I have been doing a lot of on-line researching and reading of these reviews regarding the Zone "diet" plan. I have only spent a couple weeks in and out of the Zone (I love pasta, so I'm getting the rest of it out of the house so I can do a real "sample" after it and the temptation is gone). But during the day, at work and school, I've never felt better. It's at night I crash after eating my pasta and very little protien.
I don't know how much of the cravings for food at that point is psychological, which the Zone books never mention. They say that you control your hormones, you control your cravings. It's not as simple as that...there are lots of people who are body dismorphic and eat for reasons other than their brain pinging them because they're hungry. Perhaps I'll make my millions writing a follow-up book, but I digress...
However, after reading every review for "Enter the Zone" (which I believe is just the same as "Mastering the Zone", the latter of which I did buy, which I believe has more practical advice on how to make things work than the theory in "Enter...") I am fairly convinced that all but two of the negative reviews are from people who either didn't read the book, didn't get what was written, or they were simply stating that they didn't want to live this way. Two reviews make me wonder. One speaks to the shoddiness of his research reporting -- which I agree upon, but maybe it's glossed because the reading public can't handle reading that boring stuff. The other is about the Zone being a low-calorie diet and that being the only reason you lose weight on it, makes me wonder. It wasn't the "a calorie is a calorie is a calorie" review...sure, a calorie is a calorie, but insulin, different macronutrients and so forth are not the same, so I disagree with that reviewer. But the idea that this only works as a low-calorie diet...I'm not sure....I am eating more bulk with not a lot less calories than I was before. So I'm still willing to give it a shot.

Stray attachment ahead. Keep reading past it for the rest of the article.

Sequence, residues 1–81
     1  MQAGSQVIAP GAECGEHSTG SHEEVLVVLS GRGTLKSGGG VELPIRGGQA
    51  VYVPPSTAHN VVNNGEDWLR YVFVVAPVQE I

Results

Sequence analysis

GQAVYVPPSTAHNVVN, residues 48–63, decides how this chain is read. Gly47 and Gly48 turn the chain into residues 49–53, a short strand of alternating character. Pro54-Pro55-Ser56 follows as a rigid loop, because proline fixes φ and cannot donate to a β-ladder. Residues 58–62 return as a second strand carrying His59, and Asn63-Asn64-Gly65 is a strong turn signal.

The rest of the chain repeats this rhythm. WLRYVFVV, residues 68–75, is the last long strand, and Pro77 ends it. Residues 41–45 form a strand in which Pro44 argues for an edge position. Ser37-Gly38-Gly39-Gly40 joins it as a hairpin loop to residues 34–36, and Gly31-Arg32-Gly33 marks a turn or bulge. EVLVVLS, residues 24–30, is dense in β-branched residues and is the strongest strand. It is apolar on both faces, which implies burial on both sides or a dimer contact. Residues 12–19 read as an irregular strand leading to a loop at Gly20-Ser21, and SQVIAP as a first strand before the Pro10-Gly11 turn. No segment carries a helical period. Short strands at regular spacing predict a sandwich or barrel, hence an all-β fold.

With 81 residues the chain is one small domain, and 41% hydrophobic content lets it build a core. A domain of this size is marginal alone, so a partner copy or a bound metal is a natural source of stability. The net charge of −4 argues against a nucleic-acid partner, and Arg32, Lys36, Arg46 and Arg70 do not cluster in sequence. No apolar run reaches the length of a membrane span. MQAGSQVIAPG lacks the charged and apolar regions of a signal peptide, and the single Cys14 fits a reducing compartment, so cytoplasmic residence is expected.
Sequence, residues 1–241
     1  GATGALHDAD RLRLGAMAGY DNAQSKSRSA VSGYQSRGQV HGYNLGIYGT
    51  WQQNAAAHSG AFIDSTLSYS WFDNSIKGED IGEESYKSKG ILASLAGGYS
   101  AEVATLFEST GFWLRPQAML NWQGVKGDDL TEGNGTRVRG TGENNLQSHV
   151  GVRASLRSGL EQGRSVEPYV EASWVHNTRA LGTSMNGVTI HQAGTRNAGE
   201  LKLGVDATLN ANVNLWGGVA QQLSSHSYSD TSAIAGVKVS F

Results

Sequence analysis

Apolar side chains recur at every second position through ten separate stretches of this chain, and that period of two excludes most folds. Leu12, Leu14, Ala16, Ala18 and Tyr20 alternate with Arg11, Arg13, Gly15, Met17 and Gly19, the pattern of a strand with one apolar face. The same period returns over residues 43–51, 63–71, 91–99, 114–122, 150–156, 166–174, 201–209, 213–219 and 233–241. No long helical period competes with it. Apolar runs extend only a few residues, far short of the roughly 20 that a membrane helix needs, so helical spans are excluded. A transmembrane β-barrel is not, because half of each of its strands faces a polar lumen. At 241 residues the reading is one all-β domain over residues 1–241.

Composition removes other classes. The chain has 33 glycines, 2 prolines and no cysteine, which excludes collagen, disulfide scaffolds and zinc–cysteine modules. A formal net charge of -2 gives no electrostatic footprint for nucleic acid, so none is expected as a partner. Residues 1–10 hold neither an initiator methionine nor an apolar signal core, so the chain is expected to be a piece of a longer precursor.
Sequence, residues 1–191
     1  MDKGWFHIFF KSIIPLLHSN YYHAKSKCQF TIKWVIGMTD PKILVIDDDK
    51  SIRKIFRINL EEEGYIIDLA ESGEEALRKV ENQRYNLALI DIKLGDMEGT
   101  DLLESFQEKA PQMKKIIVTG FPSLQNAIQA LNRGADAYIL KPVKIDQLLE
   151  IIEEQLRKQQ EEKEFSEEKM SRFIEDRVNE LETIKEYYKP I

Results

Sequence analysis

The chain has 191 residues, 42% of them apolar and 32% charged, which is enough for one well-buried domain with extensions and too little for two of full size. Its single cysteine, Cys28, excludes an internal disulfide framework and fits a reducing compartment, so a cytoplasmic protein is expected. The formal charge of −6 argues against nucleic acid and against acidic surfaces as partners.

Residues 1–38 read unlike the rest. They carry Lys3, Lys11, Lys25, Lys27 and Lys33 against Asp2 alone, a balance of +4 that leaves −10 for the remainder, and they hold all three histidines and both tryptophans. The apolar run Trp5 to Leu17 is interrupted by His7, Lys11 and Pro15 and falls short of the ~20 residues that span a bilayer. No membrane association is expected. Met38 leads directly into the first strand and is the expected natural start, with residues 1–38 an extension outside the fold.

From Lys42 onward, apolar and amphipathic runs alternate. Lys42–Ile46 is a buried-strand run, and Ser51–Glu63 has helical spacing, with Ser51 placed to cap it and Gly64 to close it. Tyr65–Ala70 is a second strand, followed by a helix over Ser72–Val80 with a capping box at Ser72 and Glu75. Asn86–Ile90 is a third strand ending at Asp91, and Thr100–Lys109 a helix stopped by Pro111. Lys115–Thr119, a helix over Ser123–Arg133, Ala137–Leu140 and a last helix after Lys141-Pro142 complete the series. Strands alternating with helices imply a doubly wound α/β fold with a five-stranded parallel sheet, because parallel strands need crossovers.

Basically, this is a nutritional plan for a lifelong change that includes food in moderation. I also don't see in the Zone books that they are so facist that they don't recognize that "stuff happens" and people will get off the Zone with some meals, but you can always go back with the next. Unfortunately people are too often "all or nothing" fanatics who don't realize that we aren't perfect machines and sometimes our psyche requires something our body doesn't. They look at the Zone and think that if you're not fanatical, it won't happen at all. After thinking about it, the Zone is really rather stress-free and forgiving...it's really how much discipline to be conscious about your food and activity that should be watched out for. You mess up, you can always be conscious the next meal. And with time comes the habit, in my opinion.
I will remain skeptical, but that's me. I can't be otherwise until I've given it a shot. I used to be 350# grossly obese, and after a year of getting more active and eating in moderation before, I came down to 225#. I still have oversized love handles, and I want to tighten that up and lose the rest of the pounds, but the last year or so has been stressful and I have only been hovering and gained a couple pounds back. So we'll see if the Zone leaves me with more energy I had before and convinces ME to be more conscious of my food choice.
I would recommend, finally, not to buy more than one of the books (probably "Mastering") as they all appear to be saying the same thing. It's just not money conscious. Or if you do, buy them used. Barry Sears has turned into a marketing empire, and I think the message gets lost somewhere in there. Most of the information is on his website, as well, so buy one book and just look at the website.